Lands End - "Natural Selection" (Cyclops 1997, CYCL 047)
Transience - "Sliding" (Cyclops 1999, CYCL 084)
From Aural Innovations #11 (July 2000)
Based in California, Lands End plays classic keyboard-heavy symphonic progressive with a full majestic sound that took me back to the 70's, but manages to avoid the generic neo-prog sound. Scattered throughout the disc can be heard brief freaky synth bits and Tangerine Dreamy keyboards that give the music a spacey edge similar to the way 70's band FM had crossed over slightly into the space realm. The band consists of Jeff McFarland on vocals, acoustic guitars, and bass, Francisco Neto on guitars and guitar synth, Fred Hunter on keyboards and bass, and Mark Lavallee on drums and percussion. "Natural Selection" is Lands End's fourth release (they have five total).
I read on the Lands End web site that they started out as a psychedelic band having played such covers as "Careful With That Axe Eugene" before evolving into a more classic progressive sound. Early Genesis is the comparison that most comes to mind, but Mexican band Cast is the 90's band that would be a good comparison. Beautiful soaring guitar leads that typified classic progressive are here, along with solid arrangements that develop smoothly as numerous themes are developed on the CD's extended tracks. "My Home" is one of my favorite songs with its stinging wah guitar on an interesting track that combines raw jamming psychedelia with the band's trademark progressive sound. A powerful tune.
The CD's title track is the longest at 30 minutes, but in my opinion is the one weak point of the set. It takes about 9 minutes to get going, the first portion feeling like a lot of slow-going noodling about. But once it kicks in it becomes quite intense and the remainder of the song includes jarring start-stop rhythms and the guitar sound is darker, rawer in spots, and more aggressive like on "My Home". But while the song has lots of solid segments and numerous good ideas, what we really have here is two or three solid tunes and several minutes that could be dropped.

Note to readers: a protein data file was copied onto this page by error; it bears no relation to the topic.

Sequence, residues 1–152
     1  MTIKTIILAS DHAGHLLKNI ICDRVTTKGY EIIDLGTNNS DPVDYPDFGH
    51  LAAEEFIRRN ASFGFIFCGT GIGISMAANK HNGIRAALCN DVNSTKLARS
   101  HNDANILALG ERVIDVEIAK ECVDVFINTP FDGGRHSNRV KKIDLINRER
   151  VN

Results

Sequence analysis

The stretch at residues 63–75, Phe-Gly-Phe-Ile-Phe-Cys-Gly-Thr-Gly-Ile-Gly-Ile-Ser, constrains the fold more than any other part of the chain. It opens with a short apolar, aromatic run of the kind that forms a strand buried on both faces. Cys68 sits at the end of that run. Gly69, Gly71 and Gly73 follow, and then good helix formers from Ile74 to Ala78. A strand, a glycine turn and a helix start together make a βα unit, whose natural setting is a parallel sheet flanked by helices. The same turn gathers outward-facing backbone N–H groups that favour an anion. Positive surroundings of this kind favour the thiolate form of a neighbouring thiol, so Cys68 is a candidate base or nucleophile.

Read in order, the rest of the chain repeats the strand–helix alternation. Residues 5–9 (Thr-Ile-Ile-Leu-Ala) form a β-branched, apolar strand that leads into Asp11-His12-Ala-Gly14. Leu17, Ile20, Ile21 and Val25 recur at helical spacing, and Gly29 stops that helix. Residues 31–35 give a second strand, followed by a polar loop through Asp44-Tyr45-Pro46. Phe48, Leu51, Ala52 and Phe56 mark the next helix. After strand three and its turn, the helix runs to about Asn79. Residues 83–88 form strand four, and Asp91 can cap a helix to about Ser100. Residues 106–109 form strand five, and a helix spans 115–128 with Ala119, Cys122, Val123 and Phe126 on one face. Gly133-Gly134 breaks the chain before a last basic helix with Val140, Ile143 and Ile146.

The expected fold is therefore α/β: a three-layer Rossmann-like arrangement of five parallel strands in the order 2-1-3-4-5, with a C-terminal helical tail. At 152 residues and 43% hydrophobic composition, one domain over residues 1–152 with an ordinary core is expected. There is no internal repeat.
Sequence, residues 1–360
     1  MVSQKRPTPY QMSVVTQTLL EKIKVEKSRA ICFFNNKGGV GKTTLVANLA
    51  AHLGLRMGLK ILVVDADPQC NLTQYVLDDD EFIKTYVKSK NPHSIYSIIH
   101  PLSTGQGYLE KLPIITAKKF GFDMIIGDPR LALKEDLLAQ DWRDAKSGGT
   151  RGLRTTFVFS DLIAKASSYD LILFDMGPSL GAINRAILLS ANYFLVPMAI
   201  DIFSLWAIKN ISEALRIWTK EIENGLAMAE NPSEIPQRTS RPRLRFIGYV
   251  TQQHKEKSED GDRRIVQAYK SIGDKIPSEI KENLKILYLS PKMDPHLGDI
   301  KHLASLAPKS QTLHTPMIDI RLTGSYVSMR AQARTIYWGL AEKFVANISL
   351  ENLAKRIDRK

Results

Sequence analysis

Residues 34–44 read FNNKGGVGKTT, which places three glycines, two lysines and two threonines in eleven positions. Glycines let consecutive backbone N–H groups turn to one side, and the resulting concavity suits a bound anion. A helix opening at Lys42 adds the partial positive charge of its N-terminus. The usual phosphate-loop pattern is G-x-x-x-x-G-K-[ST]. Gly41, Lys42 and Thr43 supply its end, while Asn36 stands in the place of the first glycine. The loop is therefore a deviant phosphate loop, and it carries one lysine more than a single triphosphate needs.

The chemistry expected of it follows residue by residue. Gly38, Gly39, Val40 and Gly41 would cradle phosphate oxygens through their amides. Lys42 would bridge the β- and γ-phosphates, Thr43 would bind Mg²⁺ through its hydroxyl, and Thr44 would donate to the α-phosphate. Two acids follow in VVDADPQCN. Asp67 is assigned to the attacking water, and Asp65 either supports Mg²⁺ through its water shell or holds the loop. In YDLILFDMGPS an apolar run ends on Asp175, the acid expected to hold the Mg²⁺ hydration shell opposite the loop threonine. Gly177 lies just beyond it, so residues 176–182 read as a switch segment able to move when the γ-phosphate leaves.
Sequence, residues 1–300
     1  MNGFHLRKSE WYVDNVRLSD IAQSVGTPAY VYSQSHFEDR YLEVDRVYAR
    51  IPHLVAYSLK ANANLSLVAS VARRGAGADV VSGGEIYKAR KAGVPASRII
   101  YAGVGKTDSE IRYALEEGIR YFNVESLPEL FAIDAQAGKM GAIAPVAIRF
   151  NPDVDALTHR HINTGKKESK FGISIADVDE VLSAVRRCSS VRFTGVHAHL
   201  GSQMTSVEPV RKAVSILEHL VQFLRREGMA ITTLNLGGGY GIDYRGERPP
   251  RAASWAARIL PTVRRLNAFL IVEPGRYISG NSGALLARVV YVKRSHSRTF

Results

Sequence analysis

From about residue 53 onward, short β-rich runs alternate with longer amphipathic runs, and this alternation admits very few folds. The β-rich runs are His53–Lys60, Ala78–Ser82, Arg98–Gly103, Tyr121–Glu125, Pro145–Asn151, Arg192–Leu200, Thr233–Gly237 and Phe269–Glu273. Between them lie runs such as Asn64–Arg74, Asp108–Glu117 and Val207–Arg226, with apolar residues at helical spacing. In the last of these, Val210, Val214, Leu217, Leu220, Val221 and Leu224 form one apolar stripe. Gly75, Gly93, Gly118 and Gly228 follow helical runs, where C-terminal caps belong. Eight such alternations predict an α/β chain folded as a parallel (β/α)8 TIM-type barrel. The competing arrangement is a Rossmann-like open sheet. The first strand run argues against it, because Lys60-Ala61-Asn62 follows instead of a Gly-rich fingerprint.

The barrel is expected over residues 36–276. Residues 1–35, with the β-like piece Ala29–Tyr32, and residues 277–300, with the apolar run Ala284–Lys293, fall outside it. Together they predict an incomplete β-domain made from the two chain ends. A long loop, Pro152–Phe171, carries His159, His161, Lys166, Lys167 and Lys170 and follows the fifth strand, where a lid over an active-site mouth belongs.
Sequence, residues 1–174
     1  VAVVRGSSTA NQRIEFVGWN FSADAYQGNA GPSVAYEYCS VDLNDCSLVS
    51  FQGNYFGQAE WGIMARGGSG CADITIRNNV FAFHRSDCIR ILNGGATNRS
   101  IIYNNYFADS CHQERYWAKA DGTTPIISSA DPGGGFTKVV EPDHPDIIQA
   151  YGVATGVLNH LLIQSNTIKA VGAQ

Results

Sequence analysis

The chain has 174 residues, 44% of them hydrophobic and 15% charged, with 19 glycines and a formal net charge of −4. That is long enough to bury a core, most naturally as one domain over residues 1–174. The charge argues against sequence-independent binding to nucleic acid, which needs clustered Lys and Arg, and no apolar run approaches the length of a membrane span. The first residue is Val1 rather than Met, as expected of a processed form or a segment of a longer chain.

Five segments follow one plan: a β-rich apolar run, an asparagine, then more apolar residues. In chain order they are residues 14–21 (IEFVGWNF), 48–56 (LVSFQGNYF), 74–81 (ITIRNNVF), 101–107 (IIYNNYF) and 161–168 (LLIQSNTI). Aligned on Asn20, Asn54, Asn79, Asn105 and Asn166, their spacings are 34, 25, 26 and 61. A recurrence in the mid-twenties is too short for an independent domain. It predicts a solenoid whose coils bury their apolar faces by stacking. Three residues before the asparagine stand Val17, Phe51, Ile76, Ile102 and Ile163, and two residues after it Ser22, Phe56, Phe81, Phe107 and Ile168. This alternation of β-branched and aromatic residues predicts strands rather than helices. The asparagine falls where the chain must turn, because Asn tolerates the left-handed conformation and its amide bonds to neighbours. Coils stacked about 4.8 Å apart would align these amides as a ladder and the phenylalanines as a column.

In summary, Lands End would most certainly appeal to fans of classic 70's progressive rock. Knowing they started out as a psych band kept me on my toes listening to any returns to their roots, but don't let the few psych references I made give you the idea that's what this band is about. It's not. But even a few hints help to give Lands End an edge that pushes them well beyond the crop of standard neo-prog filling up the market.
Transience is a solo project from Lands End keyboardist Fred Hunter. The cd is a concept work about "places"... that is, places Fred has been and the resulting musical impressions. Among the standout tracks is "At Squaw Peak" which features bits of blues guitar and a great screaming rockin' solo near the end of the track. The title track has a very cool blend of Spanish guitar (really cookin' stuff) and light keyboard melodies and textures. "Desert Falls" is a slow-paced, dark tune that reminded me of Van der Graaf Generator. When the sax came in I thought it would complete the VDGG style but is far too flowing and melodic for VDGG. But there are some trippy synths that I enjoyed.
"The Seven Pools" is the album's tour de force at 19 minutes. The first 6 minutes of the song are like an extended intro in which the music travels through... "places"... just like the album's stated theme. An easy-paced journey that explores simple but enjoyable melodies and ever-changing classical progressive themes that helped keep my attention. At about 9 minutes vocals take the lead for a simple but entrancing melody and pleasant lyrics. Shortly after the band kicks in and the music takes off on a keyboard-led excursion that recalled the best of Genesis during their Trick Of The Tail/Wind & Wuthering days.
The Lands End web site point out that Hunter's influence brought the band away from psychedelia and toward classic progressive rock, and that influence is apparent on "Sliding". Very enjoyable music though I think the Lands End disc is stronger as the other member's interests help to make the band's music more adventurous and exciting.
Lands End's cd's are distributed by Cyclops.
You can visit Lands End at thier (fan produced) web site.
Reviewed by Jerry Kranitz